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Publish Date : 15 March 2018 - 13:40  ,  
News ID: 3415
TEHRAN(Basirat): Thousands of students across the United States have walked out of classrooms to protest against gun violence prompted by a deadly rampage at a high school in the state of Florida last month.

The #ENOUGH National School Walkout began Wednesday morning, with students waving signs and chanting slogans like "We want change.”

The walkouts were scheduled to last 17 minutes to commemorate the 17 students and staff killed at Marjory Stoneman Douglas High School in Parkland, Florida, on February 14.

But it quickly became apparent that many students around the country decided not to go to classes at all and to demonstrate instead.

While many school districts gave their blessings for the protests, students in some areas defied warnings of discipline to join the walkout.

Some students made an early start. At Fiorello H. LaGuardia High School in New York City, crowds of students poured into the streets of Manhattan, many dressed in orange, the color of the gun-control movement.

Students across the US walked out of classes on March 14, in a nationwide call for action against gun violence following the shooting deaths last month at a Florida high school, March 14, 2018.

Hundreds of students from schools in the Washington area gathered near the White House chanting "Never again!" and "Enough is enough!" and holding signs reading "Protect People Not Guns."

"We want to show Congress and politicians we are not standing by, we are not silent anymore," said Brenna Levitan, a 17-year-old who goes to high school in Silver Spring, Maryland, just outside Washington. "Parkland is going to be the last school shooting."

At a high school in Cherry Hill, New Jersey, students marched to the football field and assembled in a heart formation to pay tribute to the victims.

The nationwide protest is being held one month to the day after Nikolas Cruz, a troubled 19-year-old former student at Stoneman Douglas, massacred his one-time classmates.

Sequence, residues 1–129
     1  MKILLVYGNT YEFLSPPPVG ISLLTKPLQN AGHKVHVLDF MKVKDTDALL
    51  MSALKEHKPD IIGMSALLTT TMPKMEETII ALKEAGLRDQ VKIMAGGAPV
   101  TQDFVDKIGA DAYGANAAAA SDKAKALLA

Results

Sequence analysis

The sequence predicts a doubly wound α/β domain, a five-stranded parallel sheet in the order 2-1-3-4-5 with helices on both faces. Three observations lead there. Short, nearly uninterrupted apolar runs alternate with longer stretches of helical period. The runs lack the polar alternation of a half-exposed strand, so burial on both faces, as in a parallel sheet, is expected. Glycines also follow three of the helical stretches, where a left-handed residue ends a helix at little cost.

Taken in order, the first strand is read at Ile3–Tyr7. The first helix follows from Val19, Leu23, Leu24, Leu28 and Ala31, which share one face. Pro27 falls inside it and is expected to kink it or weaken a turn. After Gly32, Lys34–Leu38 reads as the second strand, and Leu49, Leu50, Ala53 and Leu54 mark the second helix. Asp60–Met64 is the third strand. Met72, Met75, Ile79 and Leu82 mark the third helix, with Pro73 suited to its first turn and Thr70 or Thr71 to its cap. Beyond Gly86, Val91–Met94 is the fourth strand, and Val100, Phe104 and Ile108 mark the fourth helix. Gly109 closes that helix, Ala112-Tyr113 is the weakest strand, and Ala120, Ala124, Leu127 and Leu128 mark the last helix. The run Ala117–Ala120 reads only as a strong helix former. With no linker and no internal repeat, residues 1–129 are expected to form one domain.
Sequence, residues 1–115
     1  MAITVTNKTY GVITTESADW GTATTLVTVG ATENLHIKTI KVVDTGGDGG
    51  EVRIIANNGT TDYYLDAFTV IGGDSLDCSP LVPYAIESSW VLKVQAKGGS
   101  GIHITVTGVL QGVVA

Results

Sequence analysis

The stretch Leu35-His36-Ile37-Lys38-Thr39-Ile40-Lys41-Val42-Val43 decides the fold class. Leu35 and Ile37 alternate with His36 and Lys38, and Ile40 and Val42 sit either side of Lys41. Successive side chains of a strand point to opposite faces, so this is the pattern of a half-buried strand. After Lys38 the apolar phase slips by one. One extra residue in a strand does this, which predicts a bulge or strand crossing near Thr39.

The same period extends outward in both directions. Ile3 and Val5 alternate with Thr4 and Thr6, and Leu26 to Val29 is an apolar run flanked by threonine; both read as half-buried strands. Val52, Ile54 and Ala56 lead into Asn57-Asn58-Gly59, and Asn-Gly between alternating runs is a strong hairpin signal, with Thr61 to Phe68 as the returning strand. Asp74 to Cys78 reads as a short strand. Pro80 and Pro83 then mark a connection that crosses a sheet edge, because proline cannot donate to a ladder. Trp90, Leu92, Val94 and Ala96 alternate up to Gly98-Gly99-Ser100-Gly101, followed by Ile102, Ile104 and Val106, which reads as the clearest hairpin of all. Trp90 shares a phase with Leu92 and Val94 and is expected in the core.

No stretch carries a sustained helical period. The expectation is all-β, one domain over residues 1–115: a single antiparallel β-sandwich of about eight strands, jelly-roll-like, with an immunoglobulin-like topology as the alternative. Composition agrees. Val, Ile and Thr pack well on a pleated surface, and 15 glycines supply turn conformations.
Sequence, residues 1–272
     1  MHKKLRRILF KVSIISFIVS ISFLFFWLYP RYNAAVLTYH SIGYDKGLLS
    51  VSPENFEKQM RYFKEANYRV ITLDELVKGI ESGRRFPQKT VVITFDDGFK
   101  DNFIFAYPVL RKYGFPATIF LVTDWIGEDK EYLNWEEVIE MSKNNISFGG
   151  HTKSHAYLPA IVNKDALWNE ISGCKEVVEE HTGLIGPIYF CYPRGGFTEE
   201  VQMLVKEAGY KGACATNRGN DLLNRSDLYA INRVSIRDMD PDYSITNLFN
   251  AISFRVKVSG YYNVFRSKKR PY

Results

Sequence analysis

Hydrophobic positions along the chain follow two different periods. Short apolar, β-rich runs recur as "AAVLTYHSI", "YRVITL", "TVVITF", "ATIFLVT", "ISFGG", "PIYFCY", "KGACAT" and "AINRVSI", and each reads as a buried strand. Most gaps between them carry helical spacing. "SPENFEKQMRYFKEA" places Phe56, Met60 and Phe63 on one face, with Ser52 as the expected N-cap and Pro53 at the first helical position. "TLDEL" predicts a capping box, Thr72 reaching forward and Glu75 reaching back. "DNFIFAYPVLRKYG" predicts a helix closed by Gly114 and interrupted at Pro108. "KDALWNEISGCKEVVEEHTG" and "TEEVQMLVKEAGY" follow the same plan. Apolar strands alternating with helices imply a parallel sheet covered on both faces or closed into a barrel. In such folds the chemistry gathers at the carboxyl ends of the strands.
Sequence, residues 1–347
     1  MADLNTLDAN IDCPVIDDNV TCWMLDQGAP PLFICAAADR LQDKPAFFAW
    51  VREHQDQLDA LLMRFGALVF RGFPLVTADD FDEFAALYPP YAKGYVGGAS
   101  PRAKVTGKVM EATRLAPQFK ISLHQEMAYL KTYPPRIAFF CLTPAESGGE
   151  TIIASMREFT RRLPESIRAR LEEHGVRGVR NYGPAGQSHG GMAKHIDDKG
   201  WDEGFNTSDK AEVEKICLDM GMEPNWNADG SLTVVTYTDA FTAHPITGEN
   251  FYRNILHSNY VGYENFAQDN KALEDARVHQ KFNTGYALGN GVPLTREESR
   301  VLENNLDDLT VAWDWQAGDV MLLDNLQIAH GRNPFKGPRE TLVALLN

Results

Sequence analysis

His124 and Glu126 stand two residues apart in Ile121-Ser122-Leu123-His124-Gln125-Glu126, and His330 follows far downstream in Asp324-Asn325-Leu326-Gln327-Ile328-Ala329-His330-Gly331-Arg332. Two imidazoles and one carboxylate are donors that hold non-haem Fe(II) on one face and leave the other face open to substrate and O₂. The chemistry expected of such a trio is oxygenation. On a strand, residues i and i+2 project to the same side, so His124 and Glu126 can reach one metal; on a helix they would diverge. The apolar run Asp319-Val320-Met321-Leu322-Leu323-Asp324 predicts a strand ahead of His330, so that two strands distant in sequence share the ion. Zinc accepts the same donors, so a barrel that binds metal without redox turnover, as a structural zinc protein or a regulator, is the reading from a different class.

Some of the survivors have lobbied state and federal lawmakers, and even met with President Donald Trump, to call for new restrictions on gun ownership, a right protected by the Second Amendment of the US Constitution.

The Parkland survivors' efforts helped bring about a tightening of Florida's gun laws last week, when the minimum age for buying any kind of gun was raised to 21 years from 18, although lawmakers rejected a ban on the sort of semiautomatic rifle used in the Parkland attack.

The Trump administration plans to help arm teachers to deter school shootings, a controversial idea that has drawn little support from educators, including the National Education Association, the country’s largest teachers lobby.

On Friday, Florida Governor Rick Scott signed into law a gun control bill that was passed by the state’s legislature. The new law raises the minimum age to purchase a firearm from 18 to 21 and extends the waiting period to three days, a dramatic turnaround in one of the most gun-friendly states in America.

The NRA immediately filed a lawsuit at a US federal court in Florida after the gun control bill was signed into law, arguing that it violated the US Constitution.

The NRA has become the focus of a growing movement by activists who are demanding that US politicians stop accepting political donations from the gun lobby.


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